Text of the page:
AMP | Kids is proud to announce an ongoing partnership with The Mini Page, now in its 50th year of providing engaging and fun learning opportunities to young readers across the country. This feature was originally syndicated in newspapers the week of June 22 – 28, 2019. It is distributed digitally here with permission from Andrews McMeel Syndication. Enjoy and share with the young learners in your life!
Is there a pool near your home? Does it have a swim team?
Many kids have fun competing in organized events called swim meets. To make the team, kids should practice one or more of the four strokes: freestyle, butterfly, breaststroke and backstroke.
More than 2.5 million kids across the United States are on swim teams at their local pool. Many are between the ages of 6 and 12. Some kids swim year-round and go on to swim in high school and college.
Young kids may participate in all events. As their bodies grow, they may find one or two events they like best.
Swim meet basics
Have you ever been to a swim meet? Events move quickly. Crowds yell and cheer on their favorite swimmers. Here are some of the things you might see at a swim meet.
Events and heats
An event features a certain stroke over a set distance. For example, a swimmer might swim a 100-meter freestyle.
If there are more swimmers than there are lanes in the pool, there will be heats. If there are 12 swimmers in the 100-meter freestyle but only 10 lanes, there might be two heats of six swimmers.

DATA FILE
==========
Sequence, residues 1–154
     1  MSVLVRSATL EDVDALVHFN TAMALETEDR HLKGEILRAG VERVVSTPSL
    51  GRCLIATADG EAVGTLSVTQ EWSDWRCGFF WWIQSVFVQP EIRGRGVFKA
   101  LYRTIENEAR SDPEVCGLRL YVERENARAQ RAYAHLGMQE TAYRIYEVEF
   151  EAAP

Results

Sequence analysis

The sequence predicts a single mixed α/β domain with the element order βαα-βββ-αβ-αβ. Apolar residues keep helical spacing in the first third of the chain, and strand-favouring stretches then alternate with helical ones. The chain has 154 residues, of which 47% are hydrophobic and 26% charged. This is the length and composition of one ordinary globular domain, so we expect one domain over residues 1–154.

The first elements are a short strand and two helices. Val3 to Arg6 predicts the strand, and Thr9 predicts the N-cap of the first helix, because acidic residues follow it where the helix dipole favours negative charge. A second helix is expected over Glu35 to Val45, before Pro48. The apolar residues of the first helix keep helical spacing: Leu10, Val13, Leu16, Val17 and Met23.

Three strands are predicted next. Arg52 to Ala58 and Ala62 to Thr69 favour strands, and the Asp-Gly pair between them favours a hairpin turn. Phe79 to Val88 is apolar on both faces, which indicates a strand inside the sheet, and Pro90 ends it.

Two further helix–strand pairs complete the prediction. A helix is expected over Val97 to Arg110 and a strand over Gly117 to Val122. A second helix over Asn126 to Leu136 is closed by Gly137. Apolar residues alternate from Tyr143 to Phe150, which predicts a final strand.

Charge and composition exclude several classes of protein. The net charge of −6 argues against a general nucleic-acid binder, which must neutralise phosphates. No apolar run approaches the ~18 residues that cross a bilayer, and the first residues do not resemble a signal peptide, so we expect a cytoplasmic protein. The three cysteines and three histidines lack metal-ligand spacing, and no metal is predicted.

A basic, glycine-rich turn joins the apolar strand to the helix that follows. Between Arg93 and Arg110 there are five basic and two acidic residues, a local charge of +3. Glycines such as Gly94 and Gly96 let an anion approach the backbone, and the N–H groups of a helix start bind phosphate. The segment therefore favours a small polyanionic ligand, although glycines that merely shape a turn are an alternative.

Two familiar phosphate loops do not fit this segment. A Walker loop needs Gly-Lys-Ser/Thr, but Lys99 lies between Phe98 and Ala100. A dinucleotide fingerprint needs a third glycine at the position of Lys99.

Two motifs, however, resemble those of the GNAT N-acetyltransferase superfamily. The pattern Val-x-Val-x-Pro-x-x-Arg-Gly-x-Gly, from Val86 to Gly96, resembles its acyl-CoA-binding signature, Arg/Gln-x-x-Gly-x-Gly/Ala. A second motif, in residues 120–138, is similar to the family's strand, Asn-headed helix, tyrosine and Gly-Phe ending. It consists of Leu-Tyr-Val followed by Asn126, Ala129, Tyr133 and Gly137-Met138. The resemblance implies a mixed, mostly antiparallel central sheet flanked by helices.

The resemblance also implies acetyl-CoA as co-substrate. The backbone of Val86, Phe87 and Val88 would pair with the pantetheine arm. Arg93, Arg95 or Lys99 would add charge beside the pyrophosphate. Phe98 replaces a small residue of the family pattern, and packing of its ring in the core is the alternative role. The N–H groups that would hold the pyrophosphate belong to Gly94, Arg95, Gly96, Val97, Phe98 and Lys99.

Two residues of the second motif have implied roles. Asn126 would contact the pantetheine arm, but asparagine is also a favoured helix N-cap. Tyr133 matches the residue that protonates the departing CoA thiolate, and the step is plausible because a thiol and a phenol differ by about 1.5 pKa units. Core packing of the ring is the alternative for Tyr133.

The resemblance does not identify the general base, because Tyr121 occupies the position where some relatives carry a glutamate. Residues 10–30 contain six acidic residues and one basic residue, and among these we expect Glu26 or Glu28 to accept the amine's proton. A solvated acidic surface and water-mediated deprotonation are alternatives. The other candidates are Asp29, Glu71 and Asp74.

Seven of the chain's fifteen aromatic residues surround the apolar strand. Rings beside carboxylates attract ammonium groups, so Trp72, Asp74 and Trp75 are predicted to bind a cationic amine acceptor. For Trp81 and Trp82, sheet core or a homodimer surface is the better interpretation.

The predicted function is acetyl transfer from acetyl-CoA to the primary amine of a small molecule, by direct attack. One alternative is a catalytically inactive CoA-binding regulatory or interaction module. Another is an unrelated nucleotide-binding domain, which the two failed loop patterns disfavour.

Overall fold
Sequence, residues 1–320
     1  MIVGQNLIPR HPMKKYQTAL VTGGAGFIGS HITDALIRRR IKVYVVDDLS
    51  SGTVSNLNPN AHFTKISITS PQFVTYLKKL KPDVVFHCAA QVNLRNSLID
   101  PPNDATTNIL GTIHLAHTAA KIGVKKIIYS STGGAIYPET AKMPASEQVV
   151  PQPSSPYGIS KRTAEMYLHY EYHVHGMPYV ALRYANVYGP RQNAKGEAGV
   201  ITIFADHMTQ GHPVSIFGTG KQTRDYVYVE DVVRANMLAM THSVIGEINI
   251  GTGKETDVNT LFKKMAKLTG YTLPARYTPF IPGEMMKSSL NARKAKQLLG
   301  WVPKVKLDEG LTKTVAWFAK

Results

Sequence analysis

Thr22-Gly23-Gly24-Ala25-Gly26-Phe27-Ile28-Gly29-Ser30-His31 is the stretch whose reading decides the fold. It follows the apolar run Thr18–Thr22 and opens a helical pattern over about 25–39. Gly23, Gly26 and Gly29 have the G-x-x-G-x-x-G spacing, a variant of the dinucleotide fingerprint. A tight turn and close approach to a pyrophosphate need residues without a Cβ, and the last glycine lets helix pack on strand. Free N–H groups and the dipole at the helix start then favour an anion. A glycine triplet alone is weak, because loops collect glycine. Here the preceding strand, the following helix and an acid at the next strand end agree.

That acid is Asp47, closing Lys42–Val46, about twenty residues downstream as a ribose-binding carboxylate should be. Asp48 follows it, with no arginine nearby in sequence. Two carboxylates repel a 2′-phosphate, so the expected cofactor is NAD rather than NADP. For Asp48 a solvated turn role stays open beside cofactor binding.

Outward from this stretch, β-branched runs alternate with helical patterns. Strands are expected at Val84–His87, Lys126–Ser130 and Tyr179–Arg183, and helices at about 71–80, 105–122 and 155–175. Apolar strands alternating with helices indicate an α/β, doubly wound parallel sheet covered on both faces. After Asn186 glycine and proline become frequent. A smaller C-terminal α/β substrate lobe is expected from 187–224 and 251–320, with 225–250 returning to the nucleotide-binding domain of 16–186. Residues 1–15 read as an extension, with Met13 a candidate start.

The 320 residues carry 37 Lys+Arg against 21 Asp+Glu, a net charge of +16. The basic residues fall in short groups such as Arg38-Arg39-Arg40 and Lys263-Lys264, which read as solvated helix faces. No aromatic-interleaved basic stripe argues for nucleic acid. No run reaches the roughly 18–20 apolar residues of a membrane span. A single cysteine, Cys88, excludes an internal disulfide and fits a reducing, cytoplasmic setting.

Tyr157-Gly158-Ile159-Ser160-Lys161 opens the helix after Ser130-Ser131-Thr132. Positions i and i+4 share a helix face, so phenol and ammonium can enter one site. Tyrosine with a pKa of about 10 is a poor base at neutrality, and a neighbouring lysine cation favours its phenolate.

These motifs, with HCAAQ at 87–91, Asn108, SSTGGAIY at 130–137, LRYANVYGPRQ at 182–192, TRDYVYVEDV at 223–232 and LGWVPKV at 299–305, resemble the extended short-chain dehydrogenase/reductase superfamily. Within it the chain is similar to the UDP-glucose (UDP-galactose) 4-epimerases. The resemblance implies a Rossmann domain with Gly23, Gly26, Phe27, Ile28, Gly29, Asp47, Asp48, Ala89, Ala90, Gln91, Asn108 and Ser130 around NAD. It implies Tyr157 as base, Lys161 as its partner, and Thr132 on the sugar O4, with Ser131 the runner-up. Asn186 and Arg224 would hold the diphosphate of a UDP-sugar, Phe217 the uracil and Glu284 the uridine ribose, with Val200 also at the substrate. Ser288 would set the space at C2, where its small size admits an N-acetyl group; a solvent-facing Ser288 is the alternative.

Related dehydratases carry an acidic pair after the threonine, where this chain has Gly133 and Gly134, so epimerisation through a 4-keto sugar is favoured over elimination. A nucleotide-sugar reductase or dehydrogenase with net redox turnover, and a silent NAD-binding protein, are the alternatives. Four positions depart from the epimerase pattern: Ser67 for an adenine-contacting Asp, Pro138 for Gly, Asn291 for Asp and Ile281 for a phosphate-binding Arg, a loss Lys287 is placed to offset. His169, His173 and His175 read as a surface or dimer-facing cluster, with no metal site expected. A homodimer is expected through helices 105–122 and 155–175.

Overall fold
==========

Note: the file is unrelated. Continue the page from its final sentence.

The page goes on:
Swimmers may swim in order based on their seed times. This means that swimmers with similar times in an event will compete against each other. At some meets, swimmers are grouped by age.
Boys usually wear tight-fitting, short racing suits. Girls wear one-piece suits.
Some swimmers wear caps to control their hair. This also helps them to move through the water faster.
Most swimmers also wear goggles to protect their eyes from the chemicals in the pool.
At a swim meet, you may see:
- a referee, who enforces the rules and makes sure all the other officials are being fair;
- a starter, who sounds a horn or shoots a cap gun to start a race;
- a stroke judge, who watches to make sure the stroke is being done correctly;
- a turn judge, who makes sure swimmers start, finish and turn correctly.
A different kind of swim
At some pools, you might see a team of swimmers practicing complicated routines. These athletes are called synchronized (SIN-krohn-ized) swimmers.
This graceful sport combines the skills used in dance, swimming and figure skating. Swimmers must be very strong and flexible. They must be able to hold their breath for a long time.
Synchronized swimming routines take place in deep water. Swimmers are not allowed to touch the bottom of the pool.
Routines are done to music. Swimmers learn the routine by doing it on the deck of the pool, then trying it in the water. This is called decking. Team routines are five minutes long. Individual, duet (two swimmers) and trio (three swimmers) routines are shorter.
At competition, swimmers are judged individually on their figures, or positions. That score makes up half of their final score, including their routines. Judges look to see how long swimmers can hold their breath, how high they are in the water, their posture, and how difficult the routine is.
On the Web:
At the library:
- The Science Behind Swimming, Diving and Other Water Sports by Amanda Lanser